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Argan Oil Will Not Stop Hair Loss: Here's Why

There are several essential oils that are used by many people around the world to improve their hair loss. Rosemary oil, peppermint oil, jojoba oil and more are some of the commonly used remedies, but there are many more essential oils available that may be able to benefit people suffering from hair loss.


In this article we are going to be talking about an essential oil that is generally more obscure than some of the others that we listed in regards to its benefits for hair growth, it is called argan oil.


We will be discussing what argan oil is, how it may be able to help hair growth, and take a look at the research to ultimately determine if it may be worth adding to your hair loss regimen, so let’s get started.


What is argan oil?


Argan oil is an essential oil that is derived from the fruit that grows on the argan trees native to Morocco. Originally, argan oil was used as a flavoring agent to dip bread in by native Morocans as well as for several medicinal purposes. It was only recently in the early 2000’s that people recognized argan oil for its cosmetic benefits.


Argan oil is comprised almost entirely of fatty acids that may allow it to improve the health of hair and skin. But it is these same fatty acids (as well as some other vitamins) that may also prove beneficial to hair growth.


Let’s dive into some of the claims about argan oil and hair growth.


Argan oil and hair growth


Before we talk about how argan oil may be able to aid in hair growth there is something important that you need to understand: argan oil is not a cure for hair loss.


Male and female androgenic alopecia (AGA; pattern hair loss) is caused by dihydrotestosterone (DHT), which is an androgen derived from testosterone. DHT is the primary cause of a receding hairline, and without suppressing DHT you will likely have little success in overcoming hair loss. There is currently only one FDA approved treatments that works to block DHT called finasteride.


Blocking DHT is how you stop the progression of hair loss, whereas the claims about argan oil refer to its growth promoting properties. There is no evidence that argan oil will have any effect on DHT and therefore should not be used as such.


Now that you understand where argan oil stands in the realm of hair loss treatments, let’s discuss how it may be able to aid in hair growth.


Argan oil contains vitamin E, and within the vitamin E family are chemicals called tocotrienols. There was a study from 2010 (1) that showed that tocotrienols could have a positive effect on hair growth. Researchers found that “the trial demonstrated that supplementation with tocotrienol capsules increases hair numbers in volunteers suffering from hair loss as compared to the placebo group. A possible explanation for the effects could be due to the potent antioxidant activity of the tocotrienols…”


Oxidative stress, which is caused by free radicals, has been linked to hair loss (2), and it is well established that using an antioxidant can positively benefit hair health and hair loss as it protects hair against the damage that oxidative stress can cause.


Another claim about how argan oil may be able to benefit hair loss is due to its anti-inflammatory properties (3). Inflammation has been directly linked to hair loss (4) as well as scalp conditions such as dandruff and psoriasis. While these conditions don’t directly lead to hair loss, they can cause scalp itching which may lead to scratching and subsequent damage to the scalp that can cause temporary hair loss.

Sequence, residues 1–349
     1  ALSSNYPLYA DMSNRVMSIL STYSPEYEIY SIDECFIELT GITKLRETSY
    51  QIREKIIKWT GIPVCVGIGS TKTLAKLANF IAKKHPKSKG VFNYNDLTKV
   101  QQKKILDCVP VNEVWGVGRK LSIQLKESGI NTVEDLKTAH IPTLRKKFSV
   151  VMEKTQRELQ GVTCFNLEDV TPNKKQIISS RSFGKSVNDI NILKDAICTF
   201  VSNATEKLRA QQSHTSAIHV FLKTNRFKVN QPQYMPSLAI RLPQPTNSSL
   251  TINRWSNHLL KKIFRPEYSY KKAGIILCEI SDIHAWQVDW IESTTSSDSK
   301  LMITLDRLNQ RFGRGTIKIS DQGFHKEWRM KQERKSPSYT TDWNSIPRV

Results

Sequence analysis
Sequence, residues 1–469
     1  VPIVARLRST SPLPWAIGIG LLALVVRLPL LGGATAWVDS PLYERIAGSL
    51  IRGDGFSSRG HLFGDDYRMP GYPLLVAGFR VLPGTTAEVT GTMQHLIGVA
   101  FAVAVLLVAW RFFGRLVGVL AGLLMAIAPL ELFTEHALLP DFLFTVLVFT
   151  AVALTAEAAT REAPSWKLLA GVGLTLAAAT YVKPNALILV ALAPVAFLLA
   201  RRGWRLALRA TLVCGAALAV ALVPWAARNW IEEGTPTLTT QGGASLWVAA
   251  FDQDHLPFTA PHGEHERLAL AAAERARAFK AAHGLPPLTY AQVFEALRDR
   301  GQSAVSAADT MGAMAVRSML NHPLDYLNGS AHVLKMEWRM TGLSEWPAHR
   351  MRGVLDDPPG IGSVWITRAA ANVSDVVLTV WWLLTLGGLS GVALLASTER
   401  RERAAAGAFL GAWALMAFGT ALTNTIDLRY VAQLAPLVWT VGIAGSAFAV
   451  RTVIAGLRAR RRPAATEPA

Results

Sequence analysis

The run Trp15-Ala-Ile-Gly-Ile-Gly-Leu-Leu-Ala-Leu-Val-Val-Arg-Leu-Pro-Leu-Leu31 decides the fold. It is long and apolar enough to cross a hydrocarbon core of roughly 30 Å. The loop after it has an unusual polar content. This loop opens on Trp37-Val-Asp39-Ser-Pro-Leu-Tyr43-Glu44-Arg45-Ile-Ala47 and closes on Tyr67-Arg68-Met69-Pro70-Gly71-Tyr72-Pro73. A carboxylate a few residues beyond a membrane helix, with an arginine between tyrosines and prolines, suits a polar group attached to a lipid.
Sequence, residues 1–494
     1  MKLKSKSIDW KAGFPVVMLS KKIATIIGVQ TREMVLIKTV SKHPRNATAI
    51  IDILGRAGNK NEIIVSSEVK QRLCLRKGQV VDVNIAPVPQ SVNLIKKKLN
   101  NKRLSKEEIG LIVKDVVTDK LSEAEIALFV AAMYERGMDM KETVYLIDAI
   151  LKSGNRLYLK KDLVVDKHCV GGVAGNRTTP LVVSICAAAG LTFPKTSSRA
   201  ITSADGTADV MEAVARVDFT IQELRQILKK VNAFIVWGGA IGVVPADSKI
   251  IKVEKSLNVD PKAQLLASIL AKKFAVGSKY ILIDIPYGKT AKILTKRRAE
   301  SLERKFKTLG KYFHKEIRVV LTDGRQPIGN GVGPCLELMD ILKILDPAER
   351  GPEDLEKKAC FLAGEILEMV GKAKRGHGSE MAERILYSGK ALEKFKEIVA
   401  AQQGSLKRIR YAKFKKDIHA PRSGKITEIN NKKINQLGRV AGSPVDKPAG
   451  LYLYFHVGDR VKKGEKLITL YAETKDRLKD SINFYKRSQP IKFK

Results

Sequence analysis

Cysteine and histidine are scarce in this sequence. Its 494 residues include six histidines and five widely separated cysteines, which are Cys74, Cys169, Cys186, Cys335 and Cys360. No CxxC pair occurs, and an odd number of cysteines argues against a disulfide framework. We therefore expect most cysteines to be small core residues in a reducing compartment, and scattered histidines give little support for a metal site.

Lastly, argan oil is made up of fatty acids, several of which help your hair retain moisture. Moist hair is less likely to break and is better protected from damage, both of which can exacerbate already existing hair loss.


What does the research say?


Here’s where the problem arises: there have been no studies done on argan oil for either hair loss or hair growth.


All of the research we talked about was conducted on individual components of argan oil, not argan oil itself (i.e. vitamin E, inflammation, etc.), and while the implication is certainly there, since there have been no studies whatsoever conducted on how argan oil affects the hair we cannot make any conclusions. For instance, just because in a separate study vitamin E was shown to positively affect hair growth does not mean it will interact with hair in the same manner when it is infused in argan oil.


In conclusion: what does this mean? Is argan oil useless?


Well yes and no. Argan oil should definitely not be used for either hair growth or preventing hair loss.


In regard to hair loss, there is no evidence suggesting that argan oil helps block DHT in any way, therefore rendering it useless for prevention. But that is not what people tend to rave about when it comes to argan oil, it is usually about how it helps regrow hair.


In that regard, unfortunately there is, again, a sufficient lack of evidence supporting the claim. Yes, some components of argan oil have been shown to help protect hair against oxidative stress, inflammation, etc, but protecting hair is not the same as regrowing hair, and that’s where argan oil falls short (plus, the only way to really regrow hair is by improving blood flow).


But don’t completely discount argan oil. Its moisturizing and protective properties may be very beneficial for keeping hair in a healthy condition. When trying to overcome hair loss, you are going to always want to try and keep your hair in the healthiest condition possible in order for treatments to be most effective, and this is where argan oil will shine (no pun intended).


So, is argan oil going to prevent hair loss and regrow hair? No, but it could play a role in keeping your hair healthy while you use other treatments to try and overcome hair loss.